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Genetics - Ethics, History, and Stories
Call Number: Fiction
Publication Date: 2012-02-14
SOON TO BE A MAJOR MOTION PICTURE STARRING JULIA ROBERTS, OWEN WILSON, AND JACOB TREMBLAY! Over 6 million people have read the #1 New York Times bestseller WONDER and have fallen in love with Auggie Pullman, an ordinary boy with an extraordinary face. The book that inspired the Choose Kind movement. I won't describe what I look like. Whatever you're thinking, it's probably worse. August Pullman was born with a facial difference that, up until now, has prevented him from going to a mainstream school. Starting 5th grade at Beecher Prep, he wants nothing more than to be treated as an ordinary kid--but his new classmates can't get past Auggie's extraordinary face. WONDER, now a #1 New York Times bestseller and included on the Texas Bluebonnet Award master list, begins from Auggie's point of view, but soon switches to include his classmates, his sister, her boyfriend, and others. These perspectives converge in a portrait of one community's struggle with empathy, compassion, and acceptance. "Wonder is the best kids' book of the year," said Emily Bazelon, senior editor at Slate.com and author of Sticks and Stones: Defeating the Culture of Bullying and Rediscovering the Power of Character and Empathy. In a world where bullying among young people is an epidemic, this is a refreshing new narrative full of heart and hope. R.J. Palacio has called her debut novel "a meditation on kindness" --indeed, every reader will come away with a greater appreciation for the simple courage of friendship. Auggie is a hero to root for, a diamond in the rough who proves that you can't blend in when you were born to stand out. Join the conversation: #thewonderofwonder
The Gene by
Call Number: RB155 .M85 2016
Publication Date: 2016-05-17
Riveting, revelatory, and magisterial history of a scientific idea coming to life, and an essential preparation for the moral complexity introduced by our ability to create or “write” the human genome, The Gene is a must-read for everyone concerned about the definition and future of humanity. This is the most crucial science of our time, intimately explained by a master.
Me Medicine vs. We Medicine by
Call Number: RA427.25 .D53 2013
Publication Date: 2013-06-18
Personalized healthcare--or what the award-winning author Donna Dickenson calls "Me Medicine"--is radically transforming our longstanding "one-size-fits-all" model. Technologies such as direct-to-consumer genetic testing, pharmacogenetically developed therapies in cancer care, private umbilical cord blood banking, and neurocognitive enhancement claim to cater to an individual's specific biological character, and, in some cases, these technologies have shown powerful potential. Yet in others they have produced negligible or even negative results. Whatever is behind the rise of Me Medicine, it isn't just science. So why is Me Medicine rapidly edging out We Medicine, and how has our commitment to our collective health suffered as a result? In her cogent, provocative analysis, Dickenson examines the economic and political factors fueling the Me Medicine phenomenon and explores how, over time, this paradigm shift in how we approach our health might damage our individual and collective well-being. Historically, the measures of "We Medicine," such as vaccination and investment in public-health infrastructure, have radically extended our life spans, and Dickenson argues we've lost sight of that truth in our enthusiasm for "Me Medicine." Dickenson explores how personalized medicine illustrates capitalism's protean capacity for creating new products and markets where none existed before--and how this, rather than scientific plausibility, goes a long way toward explaining private umbilical cord blood banks and retail genetics. Drawing on the latest findings from leading scientists, social scientists, and political analysts, she critically examines four possible hypotheses driving our Me Medicine moment: a growing sense of threat; a wave of patient narcissism; corporate interests driving new niche markets; and the dominance of personal choice as a cultural value. She concludes with insights from political theory that emphasize a conception of the commons and the steps we can take to restore its value to modern biotechnology.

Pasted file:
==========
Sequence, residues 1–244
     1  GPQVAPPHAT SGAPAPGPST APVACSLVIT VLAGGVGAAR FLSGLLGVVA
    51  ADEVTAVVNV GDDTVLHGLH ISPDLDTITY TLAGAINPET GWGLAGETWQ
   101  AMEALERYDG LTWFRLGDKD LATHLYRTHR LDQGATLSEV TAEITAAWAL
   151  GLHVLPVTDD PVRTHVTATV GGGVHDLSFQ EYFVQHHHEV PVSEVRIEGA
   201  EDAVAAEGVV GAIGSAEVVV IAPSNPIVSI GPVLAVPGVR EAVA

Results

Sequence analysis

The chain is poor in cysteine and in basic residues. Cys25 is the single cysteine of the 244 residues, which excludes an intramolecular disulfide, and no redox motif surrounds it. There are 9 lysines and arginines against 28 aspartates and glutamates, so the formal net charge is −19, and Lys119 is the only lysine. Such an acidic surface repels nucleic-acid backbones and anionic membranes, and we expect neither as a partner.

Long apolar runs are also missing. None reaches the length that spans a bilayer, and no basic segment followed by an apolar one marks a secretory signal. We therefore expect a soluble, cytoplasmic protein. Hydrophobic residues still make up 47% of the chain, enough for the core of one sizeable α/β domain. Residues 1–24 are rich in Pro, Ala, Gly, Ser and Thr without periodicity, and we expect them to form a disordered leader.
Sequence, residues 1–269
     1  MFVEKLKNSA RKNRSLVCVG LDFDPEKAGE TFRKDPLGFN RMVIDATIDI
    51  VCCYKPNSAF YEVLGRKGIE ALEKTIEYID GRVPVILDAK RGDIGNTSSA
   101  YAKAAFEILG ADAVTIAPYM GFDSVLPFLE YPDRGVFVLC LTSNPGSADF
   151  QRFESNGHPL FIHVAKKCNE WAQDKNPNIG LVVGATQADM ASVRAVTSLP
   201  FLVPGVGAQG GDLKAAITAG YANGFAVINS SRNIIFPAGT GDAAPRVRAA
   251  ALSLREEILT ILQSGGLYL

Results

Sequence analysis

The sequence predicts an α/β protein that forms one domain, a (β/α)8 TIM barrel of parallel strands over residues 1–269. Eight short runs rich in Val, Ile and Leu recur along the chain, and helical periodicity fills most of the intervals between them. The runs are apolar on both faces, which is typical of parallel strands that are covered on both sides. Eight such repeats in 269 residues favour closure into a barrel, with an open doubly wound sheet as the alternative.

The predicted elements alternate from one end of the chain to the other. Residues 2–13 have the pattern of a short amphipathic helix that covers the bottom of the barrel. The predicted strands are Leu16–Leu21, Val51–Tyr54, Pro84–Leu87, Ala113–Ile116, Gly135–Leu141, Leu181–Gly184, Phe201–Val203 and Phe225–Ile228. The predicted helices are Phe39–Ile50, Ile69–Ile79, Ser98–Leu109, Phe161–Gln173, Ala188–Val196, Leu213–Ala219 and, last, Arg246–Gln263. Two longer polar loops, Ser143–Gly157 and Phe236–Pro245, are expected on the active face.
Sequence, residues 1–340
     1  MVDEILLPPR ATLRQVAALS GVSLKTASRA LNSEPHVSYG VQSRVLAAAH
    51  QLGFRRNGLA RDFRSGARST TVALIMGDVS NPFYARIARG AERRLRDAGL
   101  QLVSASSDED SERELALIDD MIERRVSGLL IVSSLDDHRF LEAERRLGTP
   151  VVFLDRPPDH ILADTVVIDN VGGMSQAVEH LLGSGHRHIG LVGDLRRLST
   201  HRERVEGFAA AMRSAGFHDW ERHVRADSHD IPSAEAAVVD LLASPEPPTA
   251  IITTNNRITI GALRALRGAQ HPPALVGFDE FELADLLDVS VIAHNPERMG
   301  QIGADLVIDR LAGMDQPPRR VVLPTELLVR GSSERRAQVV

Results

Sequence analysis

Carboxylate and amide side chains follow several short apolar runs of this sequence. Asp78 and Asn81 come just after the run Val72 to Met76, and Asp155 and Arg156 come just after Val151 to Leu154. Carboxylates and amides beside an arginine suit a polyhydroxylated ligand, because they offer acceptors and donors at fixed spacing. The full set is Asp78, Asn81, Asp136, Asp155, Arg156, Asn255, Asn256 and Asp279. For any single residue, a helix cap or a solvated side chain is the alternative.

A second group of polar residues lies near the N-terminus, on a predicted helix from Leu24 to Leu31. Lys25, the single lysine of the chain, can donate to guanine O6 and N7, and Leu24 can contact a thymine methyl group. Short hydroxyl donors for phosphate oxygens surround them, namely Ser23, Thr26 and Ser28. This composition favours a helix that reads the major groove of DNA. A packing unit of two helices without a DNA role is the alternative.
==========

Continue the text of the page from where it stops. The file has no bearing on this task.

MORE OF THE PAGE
The Shape of the Eye by
Call Number: RJ506.D68 E88 2011
Publication Date: 2011
"In this wise and moving memoir, George Estreich tells the story of his family as his younger daughter is diagnosed with Down syndrome and they are thrust into an unfamiliar world. Estreich writes with a poet's eye and gift of language, weaving this personal journey into the larger history of his family, exploring the deep and often hidden connections between the past and the present."
Medicine after the Holocaust by
Call Number: R509 .M43 2010x
Publication Date: 2010